In line with Mawlana Hazar Imam’s guidance, the inaugural Jubilee Arts International Arts Festival in July 2018 has played a catalytic role in cultivating, developing, and promoting artistic endeavour in the global Jamat. In India in particular, it has helped change the perception of the arts amongst parents by demonstrating that youth can build a promising, professional, and rewarding career in the arts. The aspirational value of the international recognition from Jubilee Arts gave the Arts and Culture Portfolio in India the momentum it needed.
“The Jamat has received a taste for art, now we need to give them the recipe,” quips Al Qawi Nanavati, another Jubilee Arts-winning artist that is collaborating with AKYSB to develop an upcoming fine arts initiative. Al Qawi graduated from the Art Institute of Chicago and practices art that deconstructs the essence of spiritual contemplation, prayer, and other practices through a range of mediums including printmaking. Having previously taught children at the Metropolitan Schoolhouse in Chicago, she reflects on the importance of art for their holistic development.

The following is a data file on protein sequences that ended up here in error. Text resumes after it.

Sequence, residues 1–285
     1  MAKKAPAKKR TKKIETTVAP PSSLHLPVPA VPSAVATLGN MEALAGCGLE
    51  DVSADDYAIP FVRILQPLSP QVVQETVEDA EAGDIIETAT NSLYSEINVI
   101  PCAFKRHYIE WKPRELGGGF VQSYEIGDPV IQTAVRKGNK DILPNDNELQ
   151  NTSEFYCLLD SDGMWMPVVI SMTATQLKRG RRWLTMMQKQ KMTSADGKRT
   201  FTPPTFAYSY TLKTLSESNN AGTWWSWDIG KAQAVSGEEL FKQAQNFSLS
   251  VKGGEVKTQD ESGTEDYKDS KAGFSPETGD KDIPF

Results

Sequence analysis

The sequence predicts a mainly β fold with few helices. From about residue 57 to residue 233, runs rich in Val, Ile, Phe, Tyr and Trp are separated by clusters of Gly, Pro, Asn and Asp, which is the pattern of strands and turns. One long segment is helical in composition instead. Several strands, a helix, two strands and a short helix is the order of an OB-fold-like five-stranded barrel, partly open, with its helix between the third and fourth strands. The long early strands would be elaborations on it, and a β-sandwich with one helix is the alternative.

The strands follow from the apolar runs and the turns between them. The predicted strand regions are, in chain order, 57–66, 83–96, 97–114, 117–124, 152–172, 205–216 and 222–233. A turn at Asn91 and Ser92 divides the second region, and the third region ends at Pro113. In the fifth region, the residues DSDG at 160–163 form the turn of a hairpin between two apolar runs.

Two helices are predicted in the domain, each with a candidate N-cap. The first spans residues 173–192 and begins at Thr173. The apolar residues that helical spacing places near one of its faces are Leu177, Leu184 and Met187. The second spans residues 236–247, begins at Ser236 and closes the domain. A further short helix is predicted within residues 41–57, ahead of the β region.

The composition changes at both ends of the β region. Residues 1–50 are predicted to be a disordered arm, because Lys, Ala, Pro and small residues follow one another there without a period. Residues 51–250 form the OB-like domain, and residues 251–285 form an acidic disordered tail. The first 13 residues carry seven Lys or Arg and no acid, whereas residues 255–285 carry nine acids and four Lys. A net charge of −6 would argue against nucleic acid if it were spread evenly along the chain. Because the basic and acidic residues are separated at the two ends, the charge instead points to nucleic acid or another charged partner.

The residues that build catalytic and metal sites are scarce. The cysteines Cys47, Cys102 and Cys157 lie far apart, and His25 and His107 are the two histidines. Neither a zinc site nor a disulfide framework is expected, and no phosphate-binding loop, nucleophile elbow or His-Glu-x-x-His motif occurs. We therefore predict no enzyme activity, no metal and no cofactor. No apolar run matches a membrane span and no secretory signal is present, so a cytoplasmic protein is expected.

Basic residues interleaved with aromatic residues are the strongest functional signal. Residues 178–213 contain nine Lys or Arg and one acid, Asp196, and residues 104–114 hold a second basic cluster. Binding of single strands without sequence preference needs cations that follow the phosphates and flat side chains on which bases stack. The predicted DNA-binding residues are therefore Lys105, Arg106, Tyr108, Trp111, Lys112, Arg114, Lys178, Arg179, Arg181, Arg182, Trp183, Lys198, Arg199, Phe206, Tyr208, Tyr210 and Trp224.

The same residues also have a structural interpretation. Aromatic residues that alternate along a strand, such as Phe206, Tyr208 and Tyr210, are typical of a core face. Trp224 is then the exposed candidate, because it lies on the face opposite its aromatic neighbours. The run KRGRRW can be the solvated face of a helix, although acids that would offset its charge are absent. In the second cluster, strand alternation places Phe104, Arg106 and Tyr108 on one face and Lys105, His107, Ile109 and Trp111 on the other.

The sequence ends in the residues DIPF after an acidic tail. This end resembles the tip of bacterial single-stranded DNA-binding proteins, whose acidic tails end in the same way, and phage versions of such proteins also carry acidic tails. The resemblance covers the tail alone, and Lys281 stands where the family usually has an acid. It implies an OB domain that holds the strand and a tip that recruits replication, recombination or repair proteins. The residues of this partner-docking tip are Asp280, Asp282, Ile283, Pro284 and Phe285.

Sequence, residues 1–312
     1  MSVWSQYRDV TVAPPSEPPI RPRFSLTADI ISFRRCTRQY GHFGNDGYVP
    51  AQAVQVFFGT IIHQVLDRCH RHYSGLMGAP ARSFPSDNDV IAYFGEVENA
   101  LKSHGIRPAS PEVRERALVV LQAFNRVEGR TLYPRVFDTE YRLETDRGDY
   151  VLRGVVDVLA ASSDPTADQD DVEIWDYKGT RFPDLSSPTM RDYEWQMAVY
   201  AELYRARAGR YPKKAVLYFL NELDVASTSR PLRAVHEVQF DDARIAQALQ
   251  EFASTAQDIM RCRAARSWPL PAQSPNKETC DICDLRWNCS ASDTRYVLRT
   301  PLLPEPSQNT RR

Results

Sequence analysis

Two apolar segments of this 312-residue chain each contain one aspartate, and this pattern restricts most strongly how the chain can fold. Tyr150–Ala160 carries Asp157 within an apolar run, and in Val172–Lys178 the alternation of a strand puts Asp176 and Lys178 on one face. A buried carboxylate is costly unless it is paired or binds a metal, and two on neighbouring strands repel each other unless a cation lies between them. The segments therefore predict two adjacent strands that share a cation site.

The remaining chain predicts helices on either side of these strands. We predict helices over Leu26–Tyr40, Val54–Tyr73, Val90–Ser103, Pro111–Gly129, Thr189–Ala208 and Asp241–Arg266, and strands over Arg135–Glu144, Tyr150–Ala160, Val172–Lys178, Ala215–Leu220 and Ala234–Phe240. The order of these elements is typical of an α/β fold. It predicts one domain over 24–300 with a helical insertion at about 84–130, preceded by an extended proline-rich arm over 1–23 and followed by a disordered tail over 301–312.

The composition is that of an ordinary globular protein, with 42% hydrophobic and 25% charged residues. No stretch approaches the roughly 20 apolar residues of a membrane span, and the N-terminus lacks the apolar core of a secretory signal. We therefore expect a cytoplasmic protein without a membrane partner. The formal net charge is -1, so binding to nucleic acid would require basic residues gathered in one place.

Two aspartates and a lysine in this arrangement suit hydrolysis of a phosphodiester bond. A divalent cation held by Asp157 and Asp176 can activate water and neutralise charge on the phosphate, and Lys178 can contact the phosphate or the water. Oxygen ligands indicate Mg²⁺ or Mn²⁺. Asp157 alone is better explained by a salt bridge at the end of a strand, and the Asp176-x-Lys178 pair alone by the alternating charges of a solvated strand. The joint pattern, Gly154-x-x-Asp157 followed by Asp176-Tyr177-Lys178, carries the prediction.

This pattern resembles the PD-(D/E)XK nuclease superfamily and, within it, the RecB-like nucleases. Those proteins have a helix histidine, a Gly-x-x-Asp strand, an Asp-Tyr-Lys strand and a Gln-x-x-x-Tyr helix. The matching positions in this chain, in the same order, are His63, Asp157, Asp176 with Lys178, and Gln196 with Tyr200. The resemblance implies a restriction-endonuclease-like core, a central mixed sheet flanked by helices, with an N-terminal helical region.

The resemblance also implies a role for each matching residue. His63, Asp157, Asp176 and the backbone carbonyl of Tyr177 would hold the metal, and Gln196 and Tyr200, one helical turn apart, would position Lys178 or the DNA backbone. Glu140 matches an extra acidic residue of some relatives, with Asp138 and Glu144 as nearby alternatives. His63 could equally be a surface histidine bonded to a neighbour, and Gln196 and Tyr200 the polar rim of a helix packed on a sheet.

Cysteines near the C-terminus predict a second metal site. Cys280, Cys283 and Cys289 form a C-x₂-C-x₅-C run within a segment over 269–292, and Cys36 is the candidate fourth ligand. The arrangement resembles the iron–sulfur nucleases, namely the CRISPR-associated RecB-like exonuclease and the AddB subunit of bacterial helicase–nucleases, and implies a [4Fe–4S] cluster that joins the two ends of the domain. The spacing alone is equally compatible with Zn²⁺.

“Art education opens up your mind to new ways of thinking and perceiving. It encourages creativity and abstract thinking; an absolute necessity in the Indian education system, where a straight line is a straight line, an apple is an apple, and the sky is always blue. Children need to learn that the sky could also be pink!”
Studies have shown that art education promotes the growth of multiple intelligences in children: spatial, linguistic, and logical. It helps improve cognitive function, boosts memory, and helps moderate emotional states. It also encourages critical thinking and helps children articulate their thoughts.